California Lawmakers Pass Bill Banning Orca Shows, Captive Breeding
The California State Legislature on Friday approved a historic bill that would ban the breeding of captive killer whales and orca performances in that state. It would also prohibit the export of captive orcas out of North America.
Violators would face fines of up to $100,000.
The legislation, presented in the State Senate as a rider to a budget bill, passed 26–13, strictly along party lines, with Democrats voting in favor of the measure and Republicans opposing it. It now goes to the desk of Gov. Jerry Brown.
“It’s unbelievable,” said Naomi Rose, a killer whale expert and a marine mammal scientist at the Animal Welfare Institute, which cosponsored the bill.
“It took us long enough, and it was quite the wild ride, but it’s done, although it still has to go to Governor Brown,” Rose said. “But we hear he is inclined to sign it.”
“The governor has until Sept. 30 to take action,” Deborah Hoffman, Brown’s deputy press secretary, wrote in an email. “We generally don’t comment on pending legislation.”
The move to ban orca breeding and shows in California, home to 11 killer whales at SeaWorld San Diego, was introduced by Democratic Assemblymember Richard Bloom in March 2014.
That bill, which also required that killer whales be sent to retirement in sea sanctuaries, was opposed by SeaWorld and the Assembly majority leader at the time, Toni Atkins, who represents San Diego. It was tabled in committee.
This spring Bloom reintroduced the measure, without the sea sanctuary provision, and it passed an Assembly vote on June 21.
“Today is a victory many years in the making,” Bloom said in a statement. “The Orca Protection Act is a product of scientific consensus, immense public support, and a concerted legislative effort to protect this intelligent and majestic animal.”
SeaWorld, which did not oppose the current version of the bill, unexpectedly announced in March that it would immediately end its captive orca breeding program and phase out killer whale shows at its parks in San Diego, Orlando, and San Antonio by 2019, replacing them with more “natural” displays with a strong educational component.
“As a result of our recent announcement, SeaWorld worked with Mr. Bloom on this legislation, but we do not have a position on the bill itself,” the company said in a statement in March. “SeaWorld is already making the changes called for in the legislation.”
“Importantly, the bill does allow for SeaWorld to rescue and rehabilitate stranded orcas, with the goal of returning them to the wild,” the company added. “And, if the federal government determines that the orca is not releasable, that animal could stay in SeaWorld’s care.”
Even though SeaWorld has voluntarily agreed to the provisions contained in the legislation, the bill is far from symbolic, Rose said.
“Corporate policy can change at the drop of a hat,” Rose said. “[SeaWorld CEO] Joel Manby could decide that he’s done his job, and he leaves, and the next guy goes to the board and says he’s decided he wants to renege.”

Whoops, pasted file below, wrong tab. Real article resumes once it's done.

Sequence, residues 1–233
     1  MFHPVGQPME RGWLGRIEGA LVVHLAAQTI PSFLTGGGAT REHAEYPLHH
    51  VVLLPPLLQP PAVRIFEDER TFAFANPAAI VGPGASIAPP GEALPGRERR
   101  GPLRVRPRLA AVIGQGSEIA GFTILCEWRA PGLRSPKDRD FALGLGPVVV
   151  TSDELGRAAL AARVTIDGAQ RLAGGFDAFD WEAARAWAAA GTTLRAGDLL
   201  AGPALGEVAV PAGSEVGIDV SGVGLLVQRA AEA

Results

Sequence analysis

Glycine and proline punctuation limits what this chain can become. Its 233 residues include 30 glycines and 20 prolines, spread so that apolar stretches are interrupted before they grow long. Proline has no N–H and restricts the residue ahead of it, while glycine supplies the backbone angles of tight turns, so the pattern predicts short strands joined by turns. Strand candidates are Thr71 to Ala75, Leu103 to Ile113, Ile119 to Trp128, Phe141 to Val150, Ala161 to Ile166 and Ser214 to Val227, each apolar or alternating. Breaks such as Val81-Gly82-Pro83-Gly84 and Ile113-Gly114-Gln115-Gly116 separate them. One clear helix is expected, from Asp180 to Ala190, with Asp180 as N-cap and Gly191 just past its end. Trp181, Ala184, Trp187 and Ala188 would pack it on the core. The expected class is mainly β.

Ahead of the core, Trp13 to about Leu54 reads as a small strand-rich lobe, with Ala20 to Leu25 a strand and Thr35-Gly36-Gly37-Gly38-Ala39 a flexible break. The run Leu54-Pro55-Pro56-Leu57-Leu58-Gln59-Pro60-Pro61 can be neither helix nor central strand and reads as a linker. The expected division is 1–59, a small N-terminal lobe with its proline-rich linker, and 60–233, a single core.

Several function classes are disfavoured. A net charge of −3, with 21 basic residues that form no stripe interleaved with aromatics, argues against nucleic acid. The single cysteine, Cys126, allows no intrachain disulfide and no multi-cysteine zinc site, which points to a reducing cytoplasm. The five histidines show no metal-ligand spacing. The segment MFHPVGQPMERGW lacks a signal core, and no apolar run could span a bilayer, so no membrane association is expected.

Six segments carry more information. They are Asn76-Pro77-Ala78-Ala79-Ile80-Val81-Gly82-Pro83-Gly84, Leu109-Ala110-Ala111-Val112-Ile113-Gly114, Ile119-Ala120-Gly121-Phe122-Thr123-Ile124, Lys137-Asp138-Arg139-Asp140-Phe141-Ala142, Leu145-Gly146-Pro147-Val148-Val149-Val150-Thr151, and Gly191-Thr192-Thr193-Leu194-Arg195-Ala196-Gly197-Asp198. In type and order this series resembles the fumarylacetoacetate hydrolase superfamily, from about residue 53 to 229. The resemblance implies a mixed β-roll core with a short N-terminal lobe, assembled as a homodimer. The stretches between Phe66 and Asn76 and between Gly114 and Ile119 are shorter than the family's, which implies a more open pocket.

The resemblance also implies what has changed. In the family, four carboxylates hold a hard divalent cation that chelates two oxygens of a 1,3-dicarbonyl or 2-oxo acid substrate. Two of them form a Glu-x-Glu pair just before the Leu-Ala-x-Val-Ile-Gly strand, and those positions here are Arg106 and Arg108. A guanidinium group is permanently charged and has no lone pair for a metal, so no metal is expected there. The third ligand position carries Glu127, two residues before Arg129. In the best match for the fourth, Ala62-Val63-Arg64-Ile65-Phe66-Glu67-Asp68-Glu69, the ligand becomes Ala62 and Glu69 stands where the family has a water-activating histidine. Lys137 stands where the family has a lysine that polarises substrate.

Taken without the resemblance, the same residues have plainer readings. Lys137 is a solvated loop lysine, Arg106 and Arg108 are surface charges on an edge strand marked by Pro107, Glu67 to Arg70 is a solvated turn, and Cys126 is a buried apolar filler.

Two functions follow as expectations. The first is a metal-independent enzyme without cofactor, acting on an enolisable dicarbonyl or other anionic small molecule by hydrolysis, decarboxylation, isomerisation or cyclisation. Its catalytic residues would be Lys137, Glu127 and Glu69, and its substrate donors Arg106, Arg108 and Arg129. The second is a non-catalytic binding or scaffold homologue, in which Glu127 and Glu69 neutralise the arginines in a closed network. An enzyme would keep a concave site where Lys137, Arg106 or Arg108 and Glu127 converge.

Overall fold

“A law is far better than any corporate policy,” Rose said, adding that she would like to see similar bills pertaining to beluga whales, dolphins, and ultimately, all captive marine mammals.
Meanwhile, SeaWorld is fighting to defeat a similar federal bill introduced last November by Rep. Adam Schiff, D-Calif.
Federal records obtained by the Animal Welfare Institute show that SeaWorld has spent at least $300,000 lobbying on the congressional bill.
“They say they are just holding educational meetings with Congress members, but several offices have told me [SeaWorld officials] are actively lobbying against the bill, saying that it’s unnecessary because they’re already doing those things,” said Chris Heyde, the institute’s deputy director of government and legal affairs.
SeaWorld did not respond to an email seeking comment on its federal lobbying efforts.
Still, opponents of orca captivity applauded the California legislation.
“I’m elated,” said Samantha Berg, a cosponsor and a former SeaWorld orca trainer who was featured in the 2013 documentary Blackfish, which inspired Bloom to author the legislation. “It’s historic and sets a precedent for the rest of the country.
Blackfish director Gabriella Cowperthwaite said she was “a little speechless” at the passage.
“I think when the bill was introduced, we secretly felt it was ahead of its time,” she wrote in an email. “It’s a testament to how far we’ve evolved. It’s so clearly what the people want. I think we’re crossing the finish line on this one.”
This post has been revised to reflect the following correction: Correction [8/28/16]: An earlier version of this article misstated the first name of the director of the movie Blackfish. It is Gabriella. The article also misstated the first name of the former majority leader of the California Assembly. It is Toni. The article also misstated the last name of the deputy director of government and legal affairs for the Animal Welfare Institute. It is Heyde.